Can we know something more about this mysterious hero?
Jean Louis is a quiet, humble, unassuming fellow. His opinions were slow to be expressed, but it was with conviction, with his whole heart when he spoke.
Jean Louis was on his way to India to find a spiritual mentor to delving into life’s meaning. He was ready to plunge into the transcendent world of Buddhism to see if his peaceful soul could explore the wisdom to be learned in this lifetime. Then he met Nora.
Nora was his first genuine male/female relationship. The school he attended in France was all male. His association with young ladies was minimal, mainly through neighbors or the sisters of friends. And at the Electrician training school, there were no females enrolled. His first job as a sound tech for a band brought him into contact with lots of women. But the somewhat shy Jean Louis did little more than share a few kisses.
Knowing more about his background now, this excerpt shows Jean Louis is a kind, loving man. India does not hold his interest any longer. What he is seeking, he is sure he has found:
There was only one window in the room, which had no screen. To keep out the bugs, we closed the shutter, which still allowed some air inside. That evening, I slept on the couch, right below the window, and the guys lay on the cement floor. The males had no blankets or sleeping bags, but at least they were out of the rain.
Some hours into the night, I was dreaming of Luke. Luke, who loved to tease me by fondling me when I was asleep, by touching my cheek or blowing a strand of hair, or slowly stroking my hand. I smiled and wiggled my fingers, and he responded. It was so lovely to feel his antics. I missed his night tricks. His hand was trailing up my arm, and soft lips kissed my palm. Luke. So romantic. Always waking me with kisses.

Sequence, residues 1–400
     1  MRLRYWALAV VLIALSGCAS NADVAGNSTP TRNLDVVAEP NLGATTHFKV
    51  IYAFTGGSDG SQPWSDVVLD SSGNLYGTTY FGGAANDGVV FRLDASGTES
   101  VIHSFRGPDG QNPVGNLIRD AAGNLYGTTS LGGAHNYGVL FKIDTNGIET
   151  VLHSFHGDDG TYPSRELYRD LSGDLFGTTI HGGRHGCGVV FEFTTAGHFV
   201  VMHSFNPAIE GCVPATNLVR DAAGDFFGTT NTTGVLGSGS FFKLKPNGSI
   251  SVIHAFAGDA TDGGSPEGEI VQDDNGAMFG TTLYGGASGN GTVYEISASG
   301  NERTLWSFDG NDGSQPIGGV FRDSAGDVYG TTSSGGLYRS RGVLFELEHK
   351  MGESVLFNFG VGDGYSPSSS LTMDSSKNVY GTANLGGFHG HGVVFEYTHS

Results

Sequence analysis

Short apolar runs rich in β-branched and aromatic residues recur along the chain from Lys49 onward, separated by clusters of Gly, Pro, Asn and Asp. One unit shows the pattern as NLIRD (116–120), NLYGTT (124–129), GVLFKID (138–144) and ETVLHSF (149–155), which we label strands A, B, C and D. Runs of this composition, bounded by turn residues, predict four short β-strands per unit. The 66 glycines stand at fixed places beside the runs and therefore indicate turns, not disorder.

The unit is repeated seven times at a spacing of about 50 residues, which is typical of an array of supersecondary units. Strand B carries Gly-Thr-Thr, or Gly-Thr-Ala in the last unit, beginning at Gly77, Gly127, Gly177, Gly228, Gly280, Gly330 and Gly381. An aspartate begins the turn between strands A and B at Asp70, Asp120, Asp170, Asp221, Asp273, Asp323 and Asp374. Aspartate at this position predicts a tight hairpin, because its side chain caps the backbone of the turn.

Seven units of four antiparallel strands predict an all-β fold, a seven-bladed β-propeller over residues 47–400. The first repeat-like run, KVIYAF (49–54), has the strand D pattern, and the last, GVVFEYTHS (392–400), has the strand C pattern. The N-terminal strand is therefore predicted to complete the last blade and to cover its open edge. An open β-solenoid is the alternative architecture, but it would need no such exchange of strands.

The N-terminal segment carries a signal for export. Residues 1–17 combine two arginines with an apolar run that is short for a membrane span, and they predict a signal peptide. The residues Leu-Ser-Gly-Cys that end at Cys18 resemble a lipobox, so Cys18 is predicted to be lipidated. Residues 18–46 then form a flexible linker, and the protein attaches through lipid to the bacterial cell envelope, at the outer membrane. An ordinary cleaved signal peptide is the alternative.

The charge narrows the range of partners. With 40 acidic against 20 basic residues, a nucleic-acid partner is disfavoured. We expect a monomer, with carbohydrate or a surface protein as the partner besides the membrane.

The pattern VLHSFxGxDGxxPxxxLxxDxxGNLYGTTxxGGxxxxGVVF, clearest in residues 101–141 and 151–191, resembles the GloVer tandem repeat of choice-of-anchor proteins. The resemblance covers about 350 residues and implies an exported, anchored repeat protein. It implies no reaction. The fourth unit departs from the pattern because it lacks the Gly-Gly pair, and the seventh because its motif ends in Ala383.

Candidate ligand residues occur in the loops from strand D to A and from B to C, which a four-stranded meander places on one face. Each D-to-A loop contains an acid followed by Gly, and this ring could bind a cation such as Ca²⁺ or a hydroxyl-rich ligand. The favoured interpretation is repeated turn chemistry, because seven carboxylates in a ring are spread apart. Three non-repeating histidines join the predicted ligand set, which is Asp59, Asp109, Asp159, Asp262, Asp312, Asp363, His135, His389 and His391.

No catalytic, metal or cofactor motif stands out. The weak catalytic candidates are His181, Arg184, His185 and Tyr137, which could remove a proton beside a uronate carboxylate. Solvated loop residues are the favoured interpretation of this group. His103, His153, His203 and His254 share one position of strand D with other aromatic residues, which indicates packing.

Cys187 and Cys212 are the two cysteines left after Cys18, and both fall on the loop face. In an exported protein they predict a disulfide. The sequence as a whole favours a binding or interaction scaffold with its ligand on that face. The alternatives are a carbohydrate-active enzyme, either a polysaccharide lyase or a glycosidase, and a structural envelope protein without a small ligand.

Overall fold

I let out a sigh, slowly drifting my eyes open. It seemed it had been forever since Luke had brushed my cheek or held me close. I longed for his warmth.
The room was so dark, I couldn’t see a thing. I wasn’t on the waterbed. My heart pounded with alarm. Where am I? My arm was hanging over the side of a couch. Where the hell am I? It was pitch-black.
The fingers tickled a bit more with a kiss on my arm, then came a whisper. Was I dreaming? Or awake? The whisper came again.
I whispered back, “What?” I felt the side of the bed depress. The murmuring voice was now by my face.
“Oui. J’ai froid.”
This wasn’t Luke. Not my Luke. A bolt of recognition struck me hard as I comprehended. I didn’t recall his name, it did sound something like Luke, and it was the French guy Marc had brought in from the rain.
My high school French was twisting my brain cells to recall… J’ai means I am, right is droite, left is gauche…and a left faucet is chaud, which means hot, and right is froid—COLD. He is cold!
I patted the couch, and he squeezed onto the settee with me. He cuddled his arms around me, kissed my cheek, and we returned to slumber.
All three of us woke as the morning sunlight pierced the slits of the shutter. They bounced off the wall and into the room. We had some tea before the two men left. Around dinner time, Jean Louis returned alone, with sandwiches and chocolates. I had unknowingly passed another sex attraction test.
Constrained by the lack of English language skills, Jean Louis spoke very few words. I am an excellent mimic, but my French language skills were limited.
After dinner, sipping our tea, Jean Louis turned to me.
“I wants stay wis you.” I wasn’t sure exactly what that meant. For the evening? Sleep on the floor? Sleep with me?
“En bas?” I tapped the floor with my foot.
“Si je dois. Je préfère avec toi.”
I wasn’t sure about all the words, but the last two, avec toi, meant “with you.”
Sign up for the newsletter here: https://forms.gle/zVTgoHGeBnwF6s3v7
Fan Page: https://www.facebook.com/GloriaJGoldsmith/
Amazon Author Page:
‘Romance Lives at the Bistro Fabrice’
This post is part of a tour. The tour dates can be found here:
- a $50 Amazon/BN GC